Signs You Are Overparenting Your Child

Doing too much for your child could backfire.
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Overparenting refers to a parent’s attempts to micromanage a child’s life. Constantly hovering over a child to ensure he's making good decisions, protecting him from any hint of physical or emotional discomfort, and preventing him from facing the consequences of his behavior are just a few of the well-intentioned goals of the overprotective parent.

Overparenting usually stems from a parent’s desire to manage their own discomfort as they can’t tolerate watching their child get hurt, fail, or make a mistake. At other times, parents feel guilty about disciplining their child and they refuse to enforce consequences.

Ongoing hypervigilance and overindulgence can have serious consequences—such as stunting a child’s development and causing a child to become overly dependent.

Here are the telltale warning signs that you’re overparenting your child:

1. You Get Into Power Struggles Over Little Things

Frequent power struggles can signal that you’re being too picky or too demanding. If you find yourself arguing with a 5-year-old about eating enough vegetables, or you’re getting into constant battles with your 15-year-old about the way she styles her hair, you may be preventing her from developing the independence she needs.

2. You Struggle to Let Your Child Make His Own Choices

Sometimes, it’s easy to assume there’s a “best way” or a “right way” to do everything but that assumption can lead to micromanaging your child's every move. If you can’t let go and allow your child to explore new opportunities—like wearing clothes that don’t match or putting the bathtub on the roof when she’s playing with her dollhouse—it’s likely that you’re overparenting.

3. You Can't Stand to See Your Child Fail

Nobody likes watching their child fail, but if you jump in to rescue your child whenever she experiences problems, she won’t learn from her mistakes. If you’re quick to tell her the right answer every time she’s struggling to figure out her homework or you intervene at the first hint of a problem during a play date, your child won’t develop problem-solving skills.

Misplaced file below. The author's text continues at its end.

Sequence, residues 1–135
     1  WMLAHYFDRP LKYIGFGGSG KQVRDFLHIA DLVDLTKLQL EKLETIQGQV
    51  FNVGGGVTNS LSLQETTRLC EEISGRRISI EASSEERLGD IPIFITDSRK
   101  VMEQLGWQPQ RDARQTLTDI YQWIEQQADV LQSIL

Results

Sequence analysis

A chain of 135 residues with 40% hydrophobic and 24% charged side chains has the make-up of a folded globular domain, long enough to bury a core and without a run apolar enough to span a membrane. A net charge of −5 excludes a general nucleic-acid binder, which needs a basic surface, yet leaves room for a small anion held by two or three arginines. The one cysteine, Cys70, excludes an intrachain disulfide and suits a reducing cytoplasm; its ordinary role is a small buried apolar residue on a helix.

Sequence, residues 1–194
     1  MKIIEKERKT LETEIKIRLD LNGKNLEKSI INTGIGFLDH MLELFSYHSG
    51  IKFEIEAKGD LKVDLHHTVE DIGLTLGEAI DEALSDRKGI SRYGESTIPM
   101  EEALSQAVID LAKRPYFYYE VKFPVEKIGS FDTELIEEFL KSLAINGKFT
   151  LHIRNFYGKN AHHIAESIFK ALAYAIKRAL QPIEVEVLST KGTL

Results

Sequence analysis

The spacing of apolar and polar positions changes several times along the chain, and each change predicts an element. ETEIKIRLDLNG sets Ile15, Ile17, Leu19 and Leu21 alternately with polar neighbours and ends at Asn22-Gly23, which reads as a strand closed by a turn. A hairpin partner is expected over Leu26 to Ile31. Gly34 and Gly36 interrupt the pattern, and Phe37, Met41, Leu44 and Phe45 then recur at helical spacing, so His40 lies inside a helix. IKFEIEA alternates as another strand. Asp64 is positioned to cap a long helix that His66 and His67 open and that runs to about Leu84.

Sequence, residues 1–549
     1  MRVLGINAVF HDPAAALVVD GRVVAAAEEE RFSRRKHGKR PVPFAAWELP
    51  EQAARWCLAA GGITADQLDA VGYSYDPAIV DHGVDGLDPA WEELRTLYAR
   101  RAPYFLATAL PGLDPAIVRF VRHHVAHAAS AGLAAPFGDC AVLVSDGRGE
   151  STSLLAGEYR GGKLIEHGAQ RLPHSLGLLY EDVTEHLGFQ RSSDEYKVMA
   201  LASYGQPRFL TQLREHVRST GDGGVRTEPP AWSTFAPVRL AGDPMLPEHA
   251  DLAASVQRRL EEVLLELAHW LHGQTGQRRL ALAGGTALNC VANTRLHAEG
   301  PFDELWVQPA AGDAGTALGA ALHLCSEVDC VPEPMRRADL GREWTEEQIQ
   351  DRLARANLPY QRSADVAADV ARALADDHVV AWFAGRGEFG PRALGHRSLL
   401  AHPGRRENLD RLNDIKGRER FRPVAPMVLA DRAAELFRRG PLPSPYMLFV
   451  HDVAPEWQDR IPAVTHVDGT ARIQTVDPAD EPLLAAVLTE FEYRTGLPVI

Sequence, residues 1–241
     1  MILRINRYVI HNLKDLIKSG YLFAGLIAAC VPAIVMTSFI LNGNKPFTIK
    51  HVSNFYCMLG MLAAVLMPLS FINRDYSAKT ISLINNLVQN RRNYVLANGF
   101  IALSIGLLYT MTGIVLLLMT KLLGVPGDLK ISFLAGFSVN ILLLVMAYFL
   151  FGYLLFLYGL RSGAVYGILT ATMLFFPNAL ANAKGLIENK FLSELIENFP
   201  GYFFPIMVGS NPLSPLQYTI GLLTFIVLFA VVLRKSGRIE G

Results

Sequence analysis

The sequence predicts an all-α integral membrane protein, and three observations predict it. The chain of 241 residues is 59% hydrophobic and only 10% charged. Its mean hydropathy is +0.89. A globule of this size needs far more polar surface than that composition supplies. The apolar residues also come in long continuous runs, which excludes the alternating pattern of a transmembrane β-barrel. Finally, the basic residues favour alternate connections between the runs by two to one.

Sometimes, kids need to experience failure firsthand. Recovering from failure provides children with opportunities to discover how they can do things differently in the future. 

4. You Worry About Many Issues Other Parents Don't Worry About

If you’re always the only parent who seems concerned about your 6-year-old playing on the monkey bars at the playground, or you can’t stand the thought of your 13-year-old crossing the street with friends, it can be tempting to assume it's because you’re more caring than the other parents.

But before drawing that conclusion, consider the possibility that you may be overparenting. If you don’t treat your child like a smart, competent human being, you may be cheating her from reaching her full potential.

5. You Argue With Adults Over How They Treat Your Child

If you find yourself frequently arguing with teachers, coaches, daycare providers, and other caregivers about their rules or the way your child is treated, it may mean you’re overparenting. Helicopter parents often call teachers to demand their child to get a better grade or they forbid Grandma to allow the children to eat any sugar.

Trying to micromanage how other people treat your child all the time isn’t healthy. Kids benefit from learning from different rules in different environments.

6. You Struggle to Identify Age-Appropriate Expectations

Sometimes, overparenting stems from too high of expectations. For example, a parent may get a child involved in dozens of activities and may even manage a child's free time to ensure that she's always being productive.

At other times, overparenting results when parents have expectations that are too low. Parents who don't believe their child is capable of behaving independently may do everything for him—like his homework—because they worry their child can't do it right.

7. You Don't Give Your Child Many Responsibilities

Overparenting often equates to overindulgence. If you don’t assign chores, or you don’t expect her to be independent, she won't learn life skills. Sparing your child from responsibility will only harm her in the long-term.

Parenting your child in a way that prevents you from experiencing any anxiety isn’t healthy. It’s important to allow your child the freedom to be a kid. Overparenting can prevent your child from experiencing a rich and full childhood that will prepare her to become a responsible adult.

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